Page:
In a split second, a young Georgia mother was killed when a runaway utility trailer crossed the center line and slammed into her small SUV. Similarly, a Kansas couple was killed instantly when a homemade trailer broke away from a pick-up truck and struck the couple on their motorcycle. These and other tragic deaths would have been entirely preventable if safety chains, hitch pins, and the correct size trailer ball had been used on the trailers.
According to the National Highway Safety Administration, every year over 400 people are killed and 20,000 people are injured due to runaway, loose, or unhitched trailers towed by passenger vehicles. These crashes are linked to all types of different trailers including boat, camper, utility, and rental trailers. There have been over 2,953 crashes involving utility trailers in Georgia alone.
WHAT CAUSES RUNAWAY, LOOSE, OR UNHITCHED TRAILERS?
When a trailer becomes unhitched, it becomes a deadly missile on the highway. The most common causes of runaway trailer collisions include:
Despite over 800,000 collisions involving passenger vehicles towing trailers since 1988, an insurance industry study determined that the majority of trailer owners do not fully understand the proper way to connect or tow trailers. Other investigations have found that trailer rental companies often provide inadequate instructions to renters on how to properly tow or connect trailers to vehicles and sometimes rent faulty or defective trailers that have not undergone safety inspections. The results are tragic.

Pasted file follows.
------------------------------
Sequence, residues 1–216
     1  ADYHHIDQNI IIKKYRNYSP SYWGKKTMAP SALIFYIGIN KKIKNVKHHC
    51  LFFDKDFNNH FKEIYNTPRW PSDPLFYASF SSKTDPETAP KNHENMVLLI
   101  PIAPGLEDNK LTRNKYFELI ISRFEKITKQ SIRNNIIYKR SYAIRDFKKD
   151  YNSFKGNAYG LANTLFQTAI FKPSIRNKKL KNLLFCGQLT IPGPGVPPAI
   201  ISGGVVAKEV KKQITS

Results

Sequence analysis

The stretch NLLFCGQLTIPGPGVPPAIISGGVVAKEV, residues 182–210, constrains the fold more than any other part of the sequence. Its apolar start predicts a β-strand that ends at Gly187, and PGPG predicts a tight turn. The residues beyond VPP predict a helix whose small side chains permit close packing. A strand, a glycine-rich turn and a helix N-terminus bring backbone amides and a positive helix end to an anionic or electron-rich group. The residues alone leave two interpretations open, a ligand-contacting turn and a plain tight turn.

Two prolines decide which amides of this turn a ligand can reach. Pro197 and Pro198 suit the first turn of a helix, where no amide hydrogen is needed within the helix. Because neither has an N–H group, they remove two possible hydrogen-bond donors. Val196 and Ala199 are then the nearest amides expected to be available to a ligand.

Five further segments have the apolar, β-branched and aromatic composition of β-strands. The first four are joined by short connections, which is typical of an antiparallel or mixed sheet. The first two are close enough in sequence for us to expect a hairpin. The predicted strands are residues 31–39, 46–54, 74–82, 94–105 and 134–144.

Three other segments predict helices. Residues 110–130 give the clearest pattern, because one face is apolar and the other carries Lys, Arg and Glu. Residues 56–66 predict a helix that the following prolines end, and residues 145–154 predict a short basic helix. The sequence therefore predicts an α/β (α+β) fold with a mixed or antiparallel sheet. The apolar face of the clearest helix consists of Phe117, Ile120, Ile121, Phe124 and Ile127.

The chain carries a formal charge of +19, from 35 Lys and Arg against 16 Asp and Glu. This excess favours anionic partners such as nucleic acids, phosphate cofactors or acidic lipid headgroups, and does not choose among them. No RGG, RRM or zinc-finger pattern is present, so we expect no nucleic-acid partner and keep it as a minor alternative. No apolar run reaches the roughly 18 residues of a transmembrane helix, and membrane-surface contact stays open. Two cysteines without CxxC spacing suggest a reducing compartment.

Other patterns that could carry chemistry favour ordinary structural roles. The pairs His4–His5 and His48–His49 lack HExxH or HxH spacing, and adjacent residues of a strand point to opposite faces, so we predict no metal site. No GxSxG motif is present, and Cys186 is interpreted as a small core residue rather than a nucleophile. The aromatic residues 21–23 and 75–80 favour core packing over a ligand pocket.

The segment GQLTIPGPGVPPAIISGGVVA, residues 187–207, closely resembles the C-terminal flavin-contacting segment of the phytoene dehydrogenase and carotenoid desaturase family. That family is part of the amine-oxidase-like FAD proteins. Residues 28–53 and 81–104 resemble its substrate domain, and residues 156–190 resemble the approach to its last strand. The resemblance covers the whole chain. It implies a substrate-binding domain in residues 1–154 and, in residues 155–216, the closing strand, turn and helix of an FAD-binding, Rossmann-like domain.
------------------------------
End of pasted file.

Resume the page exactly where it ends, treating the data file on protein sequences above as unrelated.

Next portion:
A lack of appreciation and understanding of the safe and proper method of hitching and towing a trailer to a passenger vehicle has created an alarming and potentially catastrophic danger on our highways. The lack of safety standards and regulations related to trailers has been exposed by Ron Melancon with www.dangeroustrailers.org. Ron is a tireless crusader for trailer safety and has made it his life mission to make our roads safer by lobbying legislators across the country to enact tougher trailer safety standards.
GEORGIA LAW REQUIRES TRAILERS TO HAVE SAFETY CHAINS AND OTHER SAFETY DEVICES
A newly enacted law, which went into effect on July 1, 2015, requires Georgia drivers to secure trailers to their vehicle with at least two safety chains. A violation of this law is a misdemeanor. Georgia law also requires trailers to be equipped with two taillights located at a height of not more than 60 inches, nor less than 20 inches, which must emit a visible red light from a distance of 500 feet from the rear. Trailers must also have turn signals and side-marker lights. In Georgia, and most states, trailers over 3,000 pounds must have a special permit and be equipped with separate braking systems.
Despite these minimum safety laws, Georgia and most other states, do not have any standards governing homemade trailers, and trailers weighing less than 3,000 lbs. remain virtually unregulated. For instance, in Georgia, a homemade trailer can be registered and licensed by simply paying $12.00 with no requirement that the trailer conform to any type of safety standard. Further, after being registered, the trailer is not subject to any inspections for the life of the trailer. The result is that thousands of unsafe and inherently dangerous trailers are being towed across our highways due to lack of safety standards, improper maintenance, or improper hitching which creates the potential for deadly runaway trailer collisions.
Contact us if you or a loved one have been seriously injured or killed due to a runaway, loose, or unhitched trailer. We understand the severe and devastating consequences of such collisions and will zealously fight to see that you receive the justice you deserve. Our attorneys have significant experience and knowledge in trailer cases and can provide you with a free consultation to review the details of your case.